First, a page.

I’m feeling a bit of garden envy looking at pictures of my Mom’s garden in Manitoba. Although harvesting all of those vegetables is a lot of work, never mind figuring out what to do with them. My mom’s been cranking out salsa and tomato sauce as fast as she can. You can read more about her garden and the off-the-grid home my parents are building on their blog.
Vancouver really comes alive when it is sunny out. There is so much going on in the city and in my neighbourhood. Within 5 minutes of my front door there is outdoor sports setup by my local community centre; thousands of cyclists cruising on the seawall, and musicians cranking out tunes on a public piano provided by Keys to the Streets.
Our garden is also thriving. The long hot days have caused our plants to explode. We picked the last of the arugula, which went to seed, but the lettuce, kale, carrots, green onions, beets, tomatoes, and cucumbers are thriving.
This late surge of warm September weather is really helping our tomato and pepper plants. I was worried none of the green tomatoes would have a chance to ripen, but I picked the first 5 monster tomatoes yesterday and there’s dozens more just starting to turn orange. We even have a few jalapenos making a late push. Which can only mean one thing – it’s fresh salsa time!
I also found this mystery squash in our community garden. I transplanted it in the spring from our compost bin (often seeds from squash, pumpkins, and tomatoes will sprout). One of my neighbours thought it could be chayote (which we used to make pho), but it doesn’t look bumpy enough. After scanning pictures on google, I think it might be Lebanese White Bush Marrow, but I don’t where the seed would have come from, it’s not exactly a grocery store variety of squash.
Our community garden now consists of a mountain of kale, a jungle of tomato plants, one bush of cilantro, and a few beets and carrots. We’re doing our best to keep up with the kale and are preparing for the onslaught tomatoes which are just starting to ripen. I can’t wait to feast on fresh salsa. I found the first red tomato this morning.
We’re going local with our fruit and vegetable consumption. For the rest of the summer, Emily and I are trying not to buy any fruit or vegetables from the grocery store. We have an abundance of vegetables in our garden and we get a weekly CSA share. We’re also buying local fruit and vegetables from the farmers market, to add a bit more variety. The only downside is that we’ll be without pineapple, avocado, and bananas for a few months. On the bright side, we get to take eat amazing local produce grown in BC, and really take advantage of the short fruit seasons (strawberries are done, cherries are in season, blueberries are just starting, and peaches are coming up).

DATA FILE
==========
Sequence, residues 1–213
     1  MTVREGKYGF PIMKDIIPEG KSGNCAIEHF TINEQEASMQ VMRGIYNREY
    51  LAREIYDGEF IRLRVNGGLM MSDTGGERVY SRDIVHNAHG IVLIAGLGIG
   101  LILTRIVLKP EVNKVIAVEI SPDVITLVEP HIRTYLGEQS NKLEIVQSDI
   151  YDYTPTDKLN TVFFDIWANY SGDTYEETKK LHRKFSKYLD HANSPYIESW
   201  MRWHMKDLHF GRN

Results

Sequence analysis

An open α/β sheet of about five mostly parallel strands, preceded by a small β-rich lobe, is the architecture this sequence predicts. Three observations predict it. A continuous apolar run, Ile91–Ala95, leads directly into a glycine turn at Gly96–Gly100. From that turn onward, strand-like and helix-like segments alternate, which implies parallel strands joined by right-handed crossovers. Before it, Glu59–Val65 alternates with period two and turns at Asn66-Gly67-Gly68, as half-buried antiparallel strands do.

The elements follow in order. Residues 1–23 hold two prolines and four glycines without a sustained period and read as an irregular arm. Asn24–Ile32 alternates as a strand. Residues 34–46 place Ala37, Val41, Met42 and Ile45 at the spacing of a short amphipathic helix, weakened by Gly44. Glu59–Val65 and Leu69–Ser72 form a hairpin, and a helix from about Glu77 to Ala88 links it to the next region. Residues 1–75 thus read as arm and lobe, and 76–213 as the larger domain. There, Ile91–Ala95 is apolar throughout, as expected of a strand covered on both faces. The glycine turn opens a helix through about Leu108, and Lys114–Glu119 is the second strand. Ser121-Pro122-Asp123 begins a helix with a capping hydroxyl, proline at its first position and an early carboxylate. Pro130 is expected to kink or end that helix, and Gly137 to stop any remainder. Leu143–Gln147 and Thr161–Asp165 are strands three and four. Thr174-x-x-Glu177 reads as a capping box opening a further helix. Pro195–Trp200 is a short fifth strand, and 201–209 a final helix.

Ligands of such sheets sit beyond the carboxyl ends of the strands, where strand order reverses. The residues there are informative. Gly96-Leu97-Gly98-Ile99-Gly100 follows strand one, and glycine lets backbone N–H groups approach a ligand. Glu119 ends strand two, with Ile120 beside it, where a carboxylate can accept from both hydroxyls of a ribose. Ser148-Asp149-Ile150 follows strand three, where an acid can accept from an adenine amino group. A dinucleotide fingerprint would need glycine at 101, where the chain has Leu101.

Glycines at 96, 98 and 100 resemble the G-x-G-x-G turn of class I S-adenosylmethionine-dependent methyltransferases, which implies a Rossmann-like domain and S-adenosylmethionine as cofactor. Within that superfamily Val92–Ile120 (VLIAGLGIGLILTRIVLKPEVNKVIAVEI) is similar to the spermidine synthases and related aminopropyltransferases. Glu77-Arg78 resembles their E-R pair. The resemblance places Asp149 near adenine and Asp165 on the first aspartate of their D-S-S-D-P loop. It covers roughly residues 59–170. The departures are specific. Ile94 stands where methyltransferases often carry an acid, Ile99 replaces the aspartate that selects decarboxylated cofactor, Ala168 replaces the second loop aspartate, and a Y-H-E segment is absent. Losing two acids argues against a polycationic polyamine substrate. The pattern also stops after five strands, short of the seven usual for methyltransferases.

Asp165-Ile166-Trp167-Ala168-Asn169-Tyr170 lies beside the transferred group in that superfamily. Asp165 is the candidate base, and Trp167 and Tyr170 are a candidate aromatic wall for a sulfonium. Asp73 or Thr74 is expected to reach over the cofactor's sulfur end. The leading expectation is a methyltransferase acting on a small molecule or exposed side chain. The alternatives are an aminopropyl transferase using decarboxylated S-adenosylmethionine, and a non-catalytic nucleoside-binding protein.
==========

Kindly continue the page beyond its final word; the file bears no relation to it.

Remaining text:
|May 17||June 8||July 13|
Our garden is exploding right now. Our biggest challenge is eating the vegetables fast enough. We’re harvesting arugula, kale, basil, green onions, carrots, beets, and peas. Our tomato plants are starting to flower, and we should have tomatoes in a few weeks. The kale is our most prolific grower, and I’ve resorted to giving away bags of it at work.
It’s a good problem to have. I love kale and I’m getting more creative with my recipes. Today I had a kale smoothie, a kale-blueberry salad, and soba noodles with a peanut-kale sauce. In the past few days, we’ve also made beet and sunflower raw pizza, raw zucchini pasta, beet and kale coleslaw, broccoli casserole, and pesto pasta.
Our garden is cranking out arugula, kale, and radishes as fast as we can eat them. The cool and drizzly weather (aka Junuary) isn’t great for the tomato and pepper plants, but the greens are loving it.
Emily found this great way to transport salads to work – layering them in mason jars. It’s perfect. We have lots of reused jars, they don’t leak, and as long as the the salad dressing stays at the bottom, it doesn’t get soggy.